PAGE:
Just days before a vote on a resolution that handed the President unprecedented war powers, President Bush stepped up the scare tactics. On October 7, just four days before the October 11 vote in the Senate on the war resolution, the President stated: "We know that Iraq and the al Qaeda terrorist network share a common enemy – the United States of America. We know that Iraq and al Qaeda have had high-level contacts that go back a decade." President Bush continued: "We've learned that Iraq has trained al Qaeda members in bomb-making and poisons and deadly gasses.... Alliance with terrorists could allow the Iraqi regime to attack America without leaving any fingerprints."

President Bush also elaborated on claims of Iraq's nuclear program when he said: "The evidence indicates that Iraq is reconstituting its nuclear weapons program. Saddam Hussein has held numerous meetings with Iraqi nuclear scientists, a group he calls his 'nuclear mujahideen' – his nuclear holy warriors.... If the Iraqi regime is able to produce, buy, or steal an amount of highly enriched uranium a little larger than a single softball, it could have a nuclear weapon in less than a year." [Cincinnati Museum Center, 10/7/02, pg. 3-4]

This is the kind of pumped up intelligence and outrageous rhetoric that were given to the American people to justify war with Iraq. This is the same kind of hyped evidence that was given to Congress to sway its vote for war on October 11, 2002.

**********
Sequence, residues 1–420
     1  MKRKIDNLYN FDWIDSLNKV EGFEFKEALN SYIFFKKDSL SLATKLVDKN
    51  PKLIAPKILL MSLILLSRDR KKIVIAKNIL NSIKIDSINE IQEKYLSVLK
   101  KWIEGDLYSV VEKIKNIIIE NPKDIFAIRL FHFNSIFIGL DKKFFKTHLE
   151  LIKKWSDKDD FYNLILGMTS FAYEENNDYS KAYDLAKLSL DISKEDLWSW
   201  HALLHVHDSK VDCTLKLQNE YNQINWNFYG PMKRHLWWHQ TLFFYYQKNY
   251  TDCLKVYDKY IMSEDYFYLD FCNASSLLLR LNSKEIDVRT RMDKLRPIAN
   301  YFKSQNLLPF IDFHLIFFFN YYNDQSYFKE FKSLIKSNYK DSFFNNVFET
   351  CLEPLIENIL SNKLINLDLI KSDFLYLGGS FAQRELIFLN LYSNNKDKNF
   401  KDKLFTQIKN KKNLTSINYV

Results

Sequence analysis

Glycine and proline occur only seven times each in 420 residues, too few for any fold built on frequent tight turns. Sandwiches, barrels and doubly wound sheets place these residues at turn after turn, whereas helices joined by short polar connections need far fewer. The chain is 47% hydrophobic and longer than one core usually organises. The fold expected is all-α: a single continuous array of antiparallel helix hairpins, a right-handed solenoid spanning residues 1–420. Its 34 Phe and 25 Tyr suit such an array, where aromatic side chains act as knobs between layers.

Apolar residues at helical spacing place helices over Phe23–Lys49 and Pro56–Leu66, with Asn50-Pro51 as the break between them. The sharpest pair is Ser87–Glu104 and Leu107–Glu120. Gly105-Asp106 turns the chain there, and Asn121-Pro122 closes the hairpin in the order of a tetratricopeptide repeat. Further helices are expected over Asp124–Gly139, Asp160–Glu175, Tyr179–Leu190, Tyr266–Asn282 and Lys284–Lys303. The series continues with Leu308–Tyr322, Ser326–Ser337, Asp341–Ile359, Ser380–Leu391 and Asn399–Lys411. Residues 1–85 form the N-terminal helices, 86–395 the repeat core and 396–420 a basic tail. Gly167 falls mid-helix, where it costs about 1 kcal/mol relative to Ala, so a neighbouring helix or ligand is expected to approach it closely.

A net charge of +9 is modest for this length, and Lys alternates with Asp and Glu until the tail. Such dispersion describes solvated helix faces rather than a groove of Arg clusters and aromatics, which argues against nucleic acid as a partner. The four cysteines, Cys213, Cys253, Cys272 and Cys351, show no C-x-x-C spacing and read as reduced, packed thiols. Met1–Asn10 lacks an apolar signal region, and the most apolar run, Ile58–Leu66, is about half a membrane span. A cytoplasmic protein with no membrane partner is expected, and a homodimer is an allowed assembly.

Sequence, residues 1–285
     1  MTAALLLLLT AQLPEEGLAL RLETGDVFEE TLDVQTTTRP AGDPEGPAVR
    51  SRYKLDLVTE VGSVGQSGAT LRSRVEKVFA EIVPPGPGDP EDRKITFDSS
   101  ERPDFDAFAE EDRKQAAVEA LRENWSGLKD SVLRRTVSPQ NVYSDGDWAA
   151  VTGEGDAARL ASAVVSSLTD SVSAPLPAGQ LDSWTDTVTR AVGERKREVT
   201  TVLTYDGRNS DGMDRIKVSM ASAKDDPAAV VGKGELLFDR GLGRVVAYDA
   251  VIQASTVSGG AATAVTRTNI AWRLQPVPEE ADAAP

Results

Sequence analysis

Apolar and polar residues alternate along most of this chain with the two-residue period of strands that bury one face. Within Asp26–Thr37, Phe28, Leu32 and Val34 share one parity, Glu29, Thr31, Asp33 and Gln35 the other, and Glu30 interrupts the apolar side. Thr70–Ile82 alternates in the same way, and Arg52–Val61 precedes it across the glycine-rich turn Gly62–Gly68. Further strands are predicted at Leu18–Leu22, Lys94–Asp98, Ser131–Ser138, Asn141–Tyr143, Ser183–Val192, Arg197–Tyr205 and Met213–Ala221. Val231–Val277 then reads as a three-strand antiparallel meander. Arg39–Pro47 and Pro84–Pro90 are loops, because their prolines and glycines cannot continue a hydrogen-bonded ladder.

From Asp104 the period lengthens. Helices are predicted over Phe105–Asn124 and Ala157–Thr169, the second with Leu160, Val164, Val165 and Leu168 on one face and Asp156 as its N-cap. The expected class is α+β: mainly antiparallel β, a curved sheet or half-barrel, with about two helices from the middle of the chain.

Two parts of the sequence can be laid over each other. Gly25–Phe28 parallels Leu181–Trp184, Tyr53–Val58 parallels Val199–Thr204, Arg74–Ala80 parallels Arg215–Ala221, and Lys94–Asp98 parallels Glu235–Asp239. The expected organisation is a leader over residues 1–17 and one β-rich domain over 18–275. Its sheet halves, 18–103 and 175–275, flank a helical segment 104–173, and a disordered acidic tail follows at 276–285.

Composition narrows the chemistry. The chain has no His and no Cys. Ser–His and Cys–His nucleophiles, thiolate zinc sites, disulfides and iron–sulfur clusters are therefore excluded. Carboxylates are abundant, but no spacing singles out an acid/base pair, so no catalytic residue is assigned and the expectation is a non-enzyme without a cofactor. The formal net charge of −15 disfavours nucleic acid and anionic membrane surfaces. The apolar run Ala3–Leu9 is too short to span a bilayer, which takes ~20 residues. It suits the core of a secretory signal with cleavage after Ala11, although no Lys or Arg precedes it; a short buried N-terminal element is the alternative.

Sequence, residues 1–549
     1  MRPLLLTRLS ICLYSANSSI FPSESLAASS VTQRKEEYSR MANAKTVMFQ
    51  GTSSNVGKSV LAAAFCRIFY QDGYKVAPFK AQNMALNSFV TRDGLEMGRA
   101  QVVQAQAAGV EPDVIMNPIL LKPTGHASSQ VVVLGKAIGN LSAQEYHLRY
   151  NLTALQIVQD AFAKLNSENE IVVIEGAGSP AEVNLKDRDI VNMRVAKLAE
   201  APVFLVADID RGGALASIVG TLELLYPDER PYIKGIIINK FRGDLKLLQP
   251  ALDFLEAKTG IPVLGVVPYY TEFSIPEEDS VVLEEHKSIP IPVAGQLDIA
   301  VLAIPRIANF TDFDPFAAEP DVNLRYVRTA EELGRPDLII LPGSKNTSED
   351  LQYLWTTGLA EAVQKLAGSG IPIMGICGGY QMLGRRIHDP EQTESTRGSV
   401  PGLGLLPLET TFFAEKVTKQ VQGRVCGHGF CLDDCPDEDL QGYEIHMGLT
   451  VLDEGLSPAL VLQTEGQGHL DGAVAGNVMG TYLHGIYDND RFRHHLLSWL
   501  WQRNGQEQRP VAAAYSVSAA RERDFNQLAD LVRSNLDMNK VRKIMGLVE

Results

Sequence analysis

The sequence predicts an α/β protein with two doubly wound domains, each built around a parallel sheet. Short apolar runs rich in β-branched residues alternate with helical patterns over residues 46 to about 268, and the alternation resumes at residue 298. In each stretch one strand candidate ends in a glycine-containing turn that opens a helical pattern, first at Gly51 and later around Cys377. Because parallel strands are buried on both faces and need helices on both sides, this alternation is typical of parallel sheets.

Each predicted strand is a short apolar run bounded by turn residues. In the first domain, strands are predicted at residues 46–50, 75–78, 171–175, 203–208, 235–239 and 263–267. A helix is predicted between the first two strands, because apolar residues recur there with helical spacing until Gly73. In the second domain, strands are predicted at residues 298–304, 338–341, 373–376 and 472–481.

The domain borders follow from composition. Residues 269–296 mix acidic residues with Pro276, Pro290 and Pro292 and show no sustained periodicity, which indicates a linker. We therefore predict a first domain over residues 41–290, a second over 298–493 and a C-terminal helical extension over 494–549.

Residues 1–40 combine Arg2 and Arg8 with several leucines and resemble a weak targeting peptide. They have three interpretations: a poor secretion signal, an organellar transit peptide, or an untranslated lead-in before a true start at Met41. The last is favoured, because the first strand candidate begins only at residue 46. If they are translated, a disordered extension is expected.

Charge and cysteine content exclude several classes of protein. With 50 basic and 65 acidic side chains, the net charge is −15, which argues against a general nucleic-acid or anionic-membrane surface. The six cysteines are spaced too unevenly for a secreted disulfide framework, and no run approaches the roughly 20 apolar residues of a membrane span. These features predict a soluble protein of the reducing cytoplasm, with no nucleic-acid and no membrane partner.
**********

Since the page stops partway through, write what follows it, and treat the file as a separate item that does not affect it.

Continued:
We hear some voices say, but why should we care? After all, the United States won the war, didn't it? Saddam Hussein is no more; he is either dead or on the run. What does it matter if reality does not reveal the same grim picture that was so carefully painted before the war? So what if the menacing characterizations that conjured up visions of mushroom clouds and American cities threatened with deadly germs and chemicals were overdone? So what?

Mr. President, our sons and daughters who serve in uniform answered a call to duty. They were sent to the hot sands of the Middle East to fight in a war that has already cost the lives of 194 Americans, thousands of innocent civilians, and unknown numbers of Iraqi soldiers. Our troops are still at risk. Hardly a day goes by that there is not another attack on the troops who are trying to restore order to a country teetering on the brink of anarchy. When are they coming home?

The President told the American people that we were compelled to go to war to secure our country from a grave threat. Are we any safer today than we were on March 18, 2003? Our nation has been committed to rebuilding a country ravaged by war and tyranny, and the cost of that task is being paid in blood and treasure every day.

It is in the compelling national interest to examine what we were told about the threat from Iraq. It is in the compelling national interest to know if the intelligence was faulty. It is in the compelling national interest to know if the intelligence was distorted.